Next, I sewed the sleeve and side seams for both the outer and lining fabrics, as per the original instructions.  I used a ball point needle and long zig zag stitch on the knit, but switched to a regular point needle and straight stitch for the minky.  
To attach the collar I sewed two rows of basting stitch along the lining neckline, and gathered until it was the same length as the inside edge of your collar.  
Then I sewed just the collar lining to the lining neckline, right sides together.
Since my outer fabric is very thick I decided it would be better to pleat it instead of gathering.  I started in the center and just continued outward, pinching and folding the fabric until it fit the correct length.  I didn't try to be too precise since my fabrics were very forgiving.
More pinning and sewing!  Minky can be pretty slippery.  My machine handles it pretty well, so I didn't use my walking foot.  I did use a lot of pins.
To add the ribbon ties I cut my ribbon to two 22 inch lengths, and sealed the ends with a lighter.
Then I basted them to lining, just underneath the collar on each side of the front.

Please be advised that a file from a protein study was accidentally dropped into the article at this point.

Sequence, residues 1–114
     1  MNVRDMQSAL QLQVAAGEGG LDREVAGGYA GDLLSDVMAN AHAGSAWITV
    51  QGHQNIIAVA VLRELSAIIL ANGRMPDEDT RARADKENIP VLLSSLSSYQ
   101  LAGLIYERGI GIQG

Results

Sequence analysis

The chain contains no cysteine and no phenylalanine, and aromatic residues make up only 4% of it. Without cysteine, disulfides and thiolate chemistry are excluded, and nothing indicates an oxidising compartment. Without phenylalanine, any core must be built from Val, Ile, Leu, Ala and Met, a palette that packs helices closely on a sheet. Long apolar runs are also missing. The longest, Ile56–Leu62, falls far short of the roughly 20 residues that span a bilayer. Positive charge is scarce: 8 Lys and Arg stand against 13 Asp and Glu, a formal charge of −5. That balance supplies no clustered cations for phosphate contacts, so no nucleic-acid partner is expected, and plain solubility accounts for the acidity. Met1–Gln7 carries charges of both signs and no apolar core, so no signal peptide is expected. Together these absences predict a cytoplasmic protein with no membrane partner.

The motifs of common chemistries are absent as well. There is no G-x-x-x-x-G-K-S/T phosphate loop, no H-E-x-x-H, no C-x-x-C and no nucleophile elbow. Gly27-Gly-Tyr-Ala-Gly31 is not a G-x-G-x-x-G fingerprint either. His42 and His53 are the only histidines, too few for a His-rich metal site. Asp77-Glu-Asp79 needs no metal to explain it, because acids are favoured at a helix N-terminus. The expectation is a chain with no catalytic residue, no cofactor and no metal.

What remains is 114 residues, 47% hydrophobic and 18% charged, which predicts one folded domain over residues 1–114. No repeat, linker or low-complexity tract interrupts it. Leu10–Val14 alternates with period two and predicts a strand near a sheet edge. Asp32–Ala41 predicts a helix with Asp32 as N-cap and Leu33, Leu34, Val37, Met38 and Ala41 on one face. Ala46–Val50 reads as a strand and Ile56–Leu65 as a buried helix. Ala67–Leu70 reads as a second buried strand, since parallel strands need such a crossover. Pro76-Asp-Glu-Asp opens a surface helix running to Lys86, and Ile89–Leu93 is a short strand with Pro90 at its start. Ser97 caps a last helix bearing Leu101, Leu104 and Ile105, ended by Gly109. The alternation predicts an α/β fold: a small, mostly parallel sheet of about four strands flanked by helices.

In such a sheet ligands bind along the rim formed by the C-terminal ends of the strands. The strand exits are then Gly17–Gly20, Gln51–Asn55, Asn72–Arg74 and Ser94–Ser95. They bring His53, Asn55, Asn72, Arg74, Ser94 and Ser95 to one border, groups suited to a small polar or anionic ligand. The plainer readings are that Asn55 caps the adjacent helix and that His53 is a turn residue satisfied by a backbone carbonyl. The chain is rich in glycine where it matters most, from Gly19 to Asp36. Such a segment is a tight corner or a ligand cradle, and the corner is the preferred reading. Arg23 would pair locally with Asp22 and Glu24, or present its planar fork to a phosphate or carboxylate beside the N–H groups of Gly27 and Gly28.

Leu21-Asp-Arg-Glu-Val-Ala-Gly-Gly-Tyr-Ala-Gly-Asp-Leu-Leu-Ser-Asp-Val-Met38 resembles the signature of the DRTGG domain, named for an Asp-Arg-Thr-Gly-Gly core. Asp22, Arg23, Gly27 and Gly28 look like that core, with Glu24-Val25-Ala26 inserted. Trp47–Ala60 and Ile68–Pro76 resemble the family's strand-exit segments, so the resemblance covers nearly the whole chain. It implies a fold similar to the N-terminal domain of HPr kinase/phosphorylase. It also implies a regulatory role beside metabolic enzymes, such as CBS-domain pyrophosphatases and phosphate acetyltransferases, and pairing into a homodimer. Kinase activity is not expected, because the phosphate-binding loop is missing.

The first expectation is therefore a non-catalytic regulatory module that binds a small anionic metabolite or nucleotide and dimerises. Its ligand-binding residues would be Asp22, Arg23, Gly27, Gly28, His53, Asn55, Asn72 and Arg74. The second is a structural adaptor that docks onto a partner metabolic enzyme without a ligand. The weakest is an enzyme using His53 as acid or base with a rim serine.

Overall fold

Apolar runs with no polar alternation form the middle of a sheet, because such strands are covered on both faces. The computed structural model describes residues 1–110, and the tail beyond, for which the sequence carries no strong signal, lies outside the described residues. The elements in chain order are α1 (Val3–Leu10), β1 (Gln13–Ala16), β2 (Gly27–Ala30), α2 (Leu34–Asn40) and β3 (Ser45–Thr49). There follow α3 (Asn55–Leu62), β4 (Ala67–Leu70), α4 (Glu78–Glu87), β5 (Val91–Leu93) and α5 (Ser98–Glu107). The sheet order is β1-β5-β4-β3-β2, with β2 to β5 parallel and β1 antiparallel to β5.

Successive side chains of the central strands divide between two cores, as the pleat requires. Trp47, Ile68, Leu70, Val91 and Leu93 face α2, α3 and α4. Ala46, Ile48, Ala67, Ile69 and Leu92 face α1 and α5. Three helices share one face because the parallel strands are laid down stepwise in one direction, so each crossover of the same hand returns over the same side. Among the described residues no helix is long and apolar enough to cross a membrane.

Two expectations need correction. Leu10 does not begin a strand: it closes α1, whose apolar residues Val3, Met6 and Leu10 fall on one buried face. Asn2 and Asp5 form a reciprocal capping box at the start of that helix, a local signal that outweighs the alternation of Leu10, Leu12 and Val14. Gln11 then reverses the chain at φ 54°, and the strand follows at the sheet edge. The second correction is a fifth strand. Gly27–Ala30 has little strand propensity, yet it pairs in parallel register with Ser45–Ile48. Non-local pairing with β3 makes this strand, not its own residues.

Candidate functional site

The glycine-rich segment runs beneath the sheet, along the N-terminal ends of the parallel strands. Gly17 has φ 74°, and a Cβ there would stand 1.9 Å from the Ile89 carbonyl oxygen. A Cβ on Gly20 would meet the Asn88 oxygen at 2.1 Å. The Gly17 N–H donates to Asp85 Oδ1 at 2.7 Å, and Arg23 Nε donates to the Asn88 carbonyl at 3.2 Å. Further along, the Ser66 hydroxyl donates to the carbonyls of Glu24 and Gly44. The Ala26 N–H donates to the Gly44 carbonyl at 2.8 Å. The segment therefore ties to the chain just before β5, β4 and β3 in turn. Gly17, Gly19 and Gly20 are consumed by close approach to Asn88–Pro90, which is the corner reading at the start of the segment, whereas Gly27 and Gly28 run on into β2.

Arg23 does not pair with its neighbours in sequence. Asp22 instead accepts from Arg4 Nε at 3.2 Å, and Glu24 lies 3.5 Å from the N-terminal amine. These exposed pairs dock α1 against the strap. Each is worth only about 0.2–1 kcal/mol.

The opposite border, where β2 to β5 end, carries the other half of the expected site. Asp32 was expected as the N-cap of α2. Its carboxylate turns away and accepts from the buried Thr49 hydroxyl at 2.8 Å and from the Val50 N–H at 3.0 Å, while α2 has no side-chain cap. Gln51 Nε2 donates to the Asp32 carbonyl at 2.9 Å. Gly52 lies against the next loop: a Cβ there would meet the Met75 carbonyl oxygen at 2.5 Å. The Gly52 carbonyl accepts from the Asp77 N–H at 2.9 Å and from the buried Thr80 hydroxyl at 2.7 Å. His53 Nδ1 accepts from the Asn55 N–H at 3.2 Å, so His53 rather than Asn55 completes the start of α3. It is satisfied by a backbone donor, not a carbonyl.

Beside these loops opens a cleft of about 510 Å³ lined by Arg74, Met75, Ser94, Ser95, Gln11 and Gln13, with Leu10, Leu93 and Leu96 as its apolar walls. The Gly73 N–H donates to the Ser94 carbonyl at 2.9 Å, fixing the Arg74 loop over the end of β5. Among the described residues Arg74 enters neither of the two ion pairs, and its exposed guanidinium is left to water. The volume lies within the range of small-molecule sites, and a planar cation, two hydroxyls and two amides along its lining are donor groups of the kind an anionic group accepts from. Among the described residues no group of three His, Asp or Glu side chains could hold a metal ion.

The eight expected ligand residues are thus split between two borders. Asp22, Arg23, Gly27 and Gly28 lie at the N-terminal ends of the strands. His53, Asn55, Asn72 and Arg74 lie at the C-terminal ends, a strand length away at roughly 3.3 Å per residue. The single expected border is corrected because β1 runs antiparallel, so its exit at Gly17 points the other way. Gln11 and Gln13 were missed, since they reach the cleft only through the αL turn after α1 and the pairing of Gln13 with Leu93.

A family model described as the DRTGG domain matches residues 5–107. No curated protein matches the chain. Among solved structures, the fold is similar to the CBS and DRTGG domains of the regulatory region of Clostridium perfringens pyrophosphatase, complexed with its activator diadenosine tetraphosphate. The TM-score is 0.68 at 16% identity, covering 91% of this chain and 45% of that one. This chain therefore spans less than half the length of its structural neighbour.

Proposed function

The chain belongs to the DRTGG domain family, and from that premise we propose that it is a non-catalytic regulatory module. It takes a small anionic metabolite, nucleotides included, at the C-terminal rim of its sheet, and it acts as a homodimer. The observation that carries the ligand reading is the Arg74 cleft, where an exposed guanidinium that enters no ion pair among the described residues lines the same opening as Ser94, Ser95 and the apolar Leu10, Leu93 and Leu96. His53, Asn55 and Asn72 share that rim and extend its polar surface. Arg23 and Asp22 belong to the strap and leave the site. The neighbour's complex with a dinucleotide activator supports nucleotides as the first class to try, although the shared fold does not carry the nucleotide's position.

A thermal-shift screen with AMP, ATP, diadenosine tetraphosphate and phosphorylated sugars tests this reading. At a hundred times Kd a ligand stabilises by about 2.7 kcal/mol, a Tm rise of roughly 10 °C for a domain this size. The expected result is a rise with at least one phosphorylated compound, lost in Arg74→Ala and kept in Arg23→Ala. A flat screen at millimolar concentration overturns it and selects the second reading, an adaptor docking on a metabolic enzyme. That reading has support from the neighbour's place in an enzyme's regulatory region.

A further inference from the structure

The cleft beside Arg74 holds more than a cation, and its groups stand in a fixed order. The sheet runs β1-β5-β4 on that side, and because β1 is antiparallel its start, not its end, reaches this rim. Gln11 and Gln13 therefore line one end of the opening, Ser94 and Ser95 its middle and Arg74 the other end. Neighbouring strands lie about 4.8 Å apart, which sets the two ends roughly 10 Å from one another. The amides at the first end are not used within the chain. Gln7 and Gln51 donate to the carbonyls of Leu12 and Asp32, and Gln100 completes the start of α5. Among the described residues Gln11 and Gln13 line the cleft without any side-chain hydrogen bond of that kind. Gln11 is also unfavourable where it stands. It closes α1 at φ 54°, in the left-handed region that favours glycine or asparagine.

Next I turned the outer shell inside out, and the lining right side out, and crammed the two together like this.
I started pinning the edges together by matching up the collar seams first. I found it easiest to pin along both fronts going down from the collar, then around the collar, and then across the bottom, being sure to line up my side seams across the bottom.  I also added some pins along the neckline seam to help keep the layers from getting skewed since my fabrics were pretty heavy.
I sewed all along the edge, completely encasing both layers.  I had to go pretty slowly to make sure everything stayed lined up properly.
Next I opened a hole in the side seam with my seam ripper and turned the whole thing right side out through this hole.  Whenever I make anything reversible I always do it like this, instead of leaving an unstitched area on the hem like most patterns call for.  I think it gives a much nicer finish, and it's a lot easier to stitch the lining seam closed again then it is to stitch the edge closed.
Almost done!  Just the sleeve hems to finish!
I folded the outer sleeve hem up a half an inch and stitched it down.
Then I folded the rest of the outer sleeve up over the lining sleeve, to make a wide cuff. 
I opted to hand stitch the cuffs down for a nice clean finish.
Then I just had to hand stitch the lining closed again, and it was all done and ready for cuteness!  All in all, this project only took me a few hours from start to finish, and the result is pretty fantastic if you ask me! 

As you can see here, Bunny is getting so big!  She's crawling all over the place, and takes any opportunity she can to try and walk.  She's so curious and adventurous.  I can't believe she's going to be a whole year old in just two months time!

Stay tuned for part three!